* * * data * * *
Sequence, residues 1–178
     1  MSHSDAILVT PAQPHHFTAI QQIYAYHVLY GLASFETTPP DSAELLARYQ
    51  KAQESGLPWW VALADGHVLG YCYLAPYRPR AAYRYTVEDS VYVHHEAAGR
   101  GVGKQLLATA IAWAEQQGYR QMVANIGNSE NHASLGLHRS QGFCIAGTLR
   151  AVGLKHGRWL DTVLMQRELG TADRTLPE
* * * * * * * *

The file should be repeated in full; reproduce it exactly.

Sequence, residues 1–178
     1  MSHSDAILVT PAQPHHFTAI QQIYAYHVLY GLASFETTPP DSAELLARYQ
    51  KAQESGLPWW VALADGHVLG YCYLAPYRPR AAYRYTVEDS VYVHHEAAGR
   101  GVGKQLLATA IAWAEQQGYR QMVANIGNSE NHASLGLHRS QGFCIAGTLR
   151  AVGLKHGRWL DTVLMQRELG TADRTLPE